Conditions Treated

Heart Palpitations in Children


Basics of Heart Palpitations

A heart palpitation brings an uneasy feeling that the heart is beating irregularly — whether it’s thumping, pounding, skipping, flopping, stopping, jumping or racing. A child may have difficulty putting into words what he or she is feeling during a heart palpitation. Some children may notice this odd sensation during exercise, with the heart possibly continuing to race even after they’ve stopped exercising.

Causes of Heart Palpitations

Many factors can cause a child to experience heart palpitations, including:

  • Not drinking enough fluids on a regular basis
  • Being out of good physical conditioning due to lack of exercise
  • Feeling startled, frightened or stressed
  • Cold, allergy and asthma medications

In rare circumstances, a child’s heart palpitations may be a red flag that the child has a serious medical condition, such as:

  • Anemia
  • Thyroid problems
  • An arrhythmia, which is an irregular heartbeat caused by a malfunctioning of the heart’s built-in electrical system

Diagnosis of Heart Palpitations

A child’s pediatrician may refer the child to a pediatric cardiologist, a doctor who specializes in children’s heart problems. To diagnose the condition, the pediatric cardiologist takes a detailed medical history, may perform a physical examination and may order additional diagnostic tests such as:

  • Electrocardiogram (ECG or EKG). A test that records the electrical activity of the heart, shows abnormal rhythms (arrhythmias or dysrhythmias) and detects heart muscle stress.
  • Echocardiogram (or “echo”). This procedure evaluates the structure and function of the heart by using sound waves recorded on an electronic sensor that produce a moving picture of the heart and its valves.
  • Exercise electrocardiogram (ECG or EKG). An exercise EKG assesses the heart's response to stress or exercise. An EKG measures the electrical activity of a child's heart while the child exercises on a treadmill or stationary bike.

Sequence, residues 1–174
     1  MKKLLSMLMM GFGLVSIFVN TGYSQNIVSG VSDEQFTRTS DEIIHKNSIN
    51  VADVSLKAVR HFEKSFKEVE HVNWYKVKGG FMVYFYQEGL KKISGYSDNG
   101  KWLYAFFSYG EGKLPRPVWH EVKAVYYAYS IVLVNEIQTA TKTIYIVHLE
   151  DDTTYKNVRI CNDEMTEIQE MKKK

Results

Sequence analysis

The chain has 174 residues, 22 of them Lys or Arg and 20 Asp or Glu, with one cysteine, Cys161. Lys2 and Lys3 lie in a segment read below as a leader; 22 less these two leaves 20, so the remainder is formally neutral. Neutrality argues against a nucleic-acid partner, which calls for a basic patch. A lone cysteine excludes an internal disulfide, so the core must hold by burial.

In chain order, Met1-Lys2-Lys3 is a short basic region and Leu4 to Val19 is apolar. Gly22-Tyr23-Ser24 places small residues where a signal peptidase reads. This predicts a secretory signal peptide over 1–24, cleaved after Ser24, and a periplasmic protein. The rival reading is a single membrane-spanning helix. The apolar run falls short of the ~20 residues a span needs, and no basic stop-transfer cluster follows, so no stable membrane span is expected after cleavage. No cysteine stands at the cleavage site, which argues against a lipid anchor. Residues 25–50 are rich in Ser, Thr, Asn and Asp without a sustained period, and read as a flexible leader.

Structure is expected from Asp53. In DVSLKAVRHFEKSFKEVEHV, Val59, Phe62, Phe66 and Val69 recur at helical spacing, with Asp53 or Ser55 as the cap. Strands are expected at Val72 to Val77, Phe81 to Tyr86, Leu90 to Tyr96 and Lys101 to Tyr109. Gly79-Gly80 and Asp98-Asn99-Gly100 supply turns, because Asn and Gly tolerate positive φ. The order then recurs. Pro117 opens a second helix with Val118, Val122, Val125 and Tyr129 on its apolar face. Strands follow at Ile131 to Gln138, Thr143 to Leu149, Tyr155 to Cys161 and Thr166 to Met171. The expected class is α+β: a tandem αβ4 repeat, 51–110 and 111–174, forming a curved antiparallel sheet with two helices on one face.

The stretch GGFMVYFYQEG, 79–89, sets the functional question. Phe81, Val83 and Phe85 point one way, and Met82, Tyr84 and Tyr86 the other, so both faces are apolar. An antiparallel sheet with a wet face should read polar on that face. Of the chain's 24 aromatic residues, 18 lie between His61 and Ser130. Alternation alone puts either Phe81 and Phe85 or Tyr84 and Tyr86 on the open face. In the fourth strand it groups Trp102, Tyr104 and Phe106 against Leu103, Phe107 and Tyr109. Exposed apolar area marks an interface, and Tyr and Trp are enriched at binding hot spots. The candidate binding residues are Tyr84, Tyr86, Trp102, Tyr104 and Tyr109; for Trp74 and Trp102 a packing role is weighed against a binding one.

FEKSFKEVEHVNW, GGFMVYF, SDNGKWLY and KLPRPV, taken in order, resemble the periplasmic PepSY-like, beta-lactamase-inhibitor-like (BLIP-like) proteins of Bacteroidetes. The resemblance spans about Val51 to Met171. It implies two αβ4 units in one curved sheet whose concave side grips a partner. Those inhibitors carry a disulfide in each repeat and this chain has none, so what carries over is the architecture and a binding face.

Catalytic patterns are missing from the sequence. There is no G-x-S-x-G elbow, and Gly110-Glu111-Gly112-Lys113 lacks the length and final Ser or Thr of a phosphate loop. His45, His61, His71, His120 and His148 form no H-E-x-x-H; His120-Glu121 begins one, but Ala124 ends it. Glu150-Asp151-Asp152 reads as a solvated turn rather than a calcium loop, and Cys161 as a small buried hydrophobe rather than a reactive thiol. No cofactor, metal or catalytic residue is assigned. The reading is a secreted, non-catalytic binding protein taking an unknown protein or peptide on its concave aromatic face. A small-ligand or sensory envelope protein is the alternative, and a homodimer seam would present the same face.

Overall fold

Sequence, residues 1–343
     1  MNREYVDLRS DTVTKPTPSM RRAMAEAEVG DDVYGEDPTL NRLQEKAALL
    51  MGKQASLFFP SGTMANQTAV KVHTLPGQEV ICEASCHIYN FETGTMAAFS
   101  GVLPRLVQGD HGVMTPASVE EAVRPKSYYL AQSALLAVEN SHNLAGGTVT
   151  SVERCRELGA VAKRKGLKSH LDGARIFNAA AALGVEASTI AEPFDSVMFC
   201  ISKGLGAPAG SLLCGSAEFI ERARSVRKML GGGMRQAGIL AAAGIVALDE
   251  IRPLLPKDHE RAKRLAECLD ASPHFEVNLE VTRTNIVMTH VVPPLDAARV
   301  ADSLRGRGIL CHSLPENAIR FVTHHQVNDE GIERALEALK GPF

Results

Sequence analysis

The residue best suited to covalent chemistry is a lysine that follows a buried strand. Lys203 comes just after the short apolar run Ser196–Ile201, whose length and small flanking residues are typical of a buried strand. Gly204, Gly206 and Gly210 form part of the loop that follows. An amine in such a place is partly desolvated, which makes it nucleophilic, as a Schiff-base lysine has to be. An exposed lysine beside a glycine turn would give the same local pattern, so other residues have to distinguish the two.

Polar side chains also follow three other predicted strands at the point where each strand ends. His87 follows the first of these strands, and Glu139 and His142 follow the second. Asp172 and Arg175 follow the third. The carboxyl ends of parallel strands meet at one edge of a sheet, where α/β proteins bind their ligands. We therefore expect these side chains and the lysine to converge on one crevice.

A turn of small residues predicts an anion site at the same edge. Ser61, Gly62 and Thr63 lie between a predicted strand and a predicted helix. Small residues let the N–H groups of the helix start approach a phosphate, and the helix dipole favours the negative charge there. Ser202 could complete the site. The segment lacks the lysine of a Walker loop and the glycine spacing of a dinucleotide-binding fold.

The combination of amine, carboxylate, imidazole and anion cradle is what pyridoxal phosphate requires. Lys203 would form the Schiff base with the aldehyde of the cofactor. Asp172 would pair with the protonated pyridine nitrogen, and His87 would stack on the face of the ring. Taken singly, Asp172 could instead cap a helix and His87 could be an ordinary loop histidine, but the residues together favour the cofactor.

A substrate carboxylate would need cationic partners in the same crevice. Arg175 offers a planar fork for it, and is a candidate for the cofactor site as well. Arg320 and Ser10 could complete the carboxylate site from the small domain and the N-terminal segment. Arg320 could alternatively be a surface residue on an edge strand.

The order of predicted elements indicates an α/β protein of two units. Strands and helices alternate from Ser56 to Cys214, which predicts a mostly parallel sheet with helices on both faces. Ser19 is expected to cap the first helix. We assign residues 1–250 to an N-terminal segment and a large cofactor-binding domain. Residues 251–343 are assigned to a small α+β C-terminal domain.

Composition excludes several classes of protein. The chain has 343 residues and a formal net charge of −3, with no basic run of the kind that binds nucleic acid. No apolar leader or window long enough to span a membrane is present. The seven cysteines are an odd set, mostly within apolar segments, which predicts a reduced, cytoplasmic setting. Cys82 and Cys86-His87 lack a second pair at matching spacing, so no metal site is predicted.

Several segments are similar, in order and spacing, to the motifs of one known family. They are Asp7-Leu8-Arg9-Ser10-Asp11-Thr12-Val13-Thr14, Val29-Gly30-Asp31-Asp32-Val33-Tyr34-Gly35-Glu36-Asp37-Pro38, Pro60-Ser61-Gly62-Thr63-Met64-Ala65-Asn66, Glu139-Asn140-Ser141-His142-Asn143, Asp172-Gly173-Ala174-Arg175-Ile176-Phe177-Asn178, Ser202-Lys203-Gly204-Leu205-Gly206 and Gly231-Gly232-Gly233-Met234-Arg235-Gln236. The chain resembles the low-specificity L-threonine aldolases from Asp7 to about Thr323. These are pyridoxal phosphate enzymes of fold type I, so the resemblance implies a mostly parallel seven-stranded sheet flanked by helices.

• Cardiac catheterization. This invasive procedure gives very detailed information about the structures inside the heart. Under sedation, a small, thin, flexible tube (catheter) is inserted into a blood vessel in the groin, and then guided to the inside of the heart. Blood pressure and oxygen measurements are taken in the four chambers of the heart, the pulmonary artery and aorta. In addition, contrast dye is injected to more clearly visualize the structures inside the heart.

The pediatric cardiologist may also recommend that a child wears a Holter monitor. This ECG recording device is worn over a period of 24 or more hours. Three electrodes are attached to the child's chest and connected to a small, portable ECG recorder by lead wires. The child goes about most of his or her usual daily activities (except showering, swimming or strenuous exercise) during this procedure. A physician may prescribe Holter monitoring when an arrhythmia is suspected but not seen on a resting ECG. Arrhythmias may be brief and not seen during a resting ECG’s shorter recording time.

Treatment for of Heart Palpitations

In the rare circumstances when a pediatric cardiologist discovers a child has heart palpitations due to an underlying heart condition, treatment options may include:

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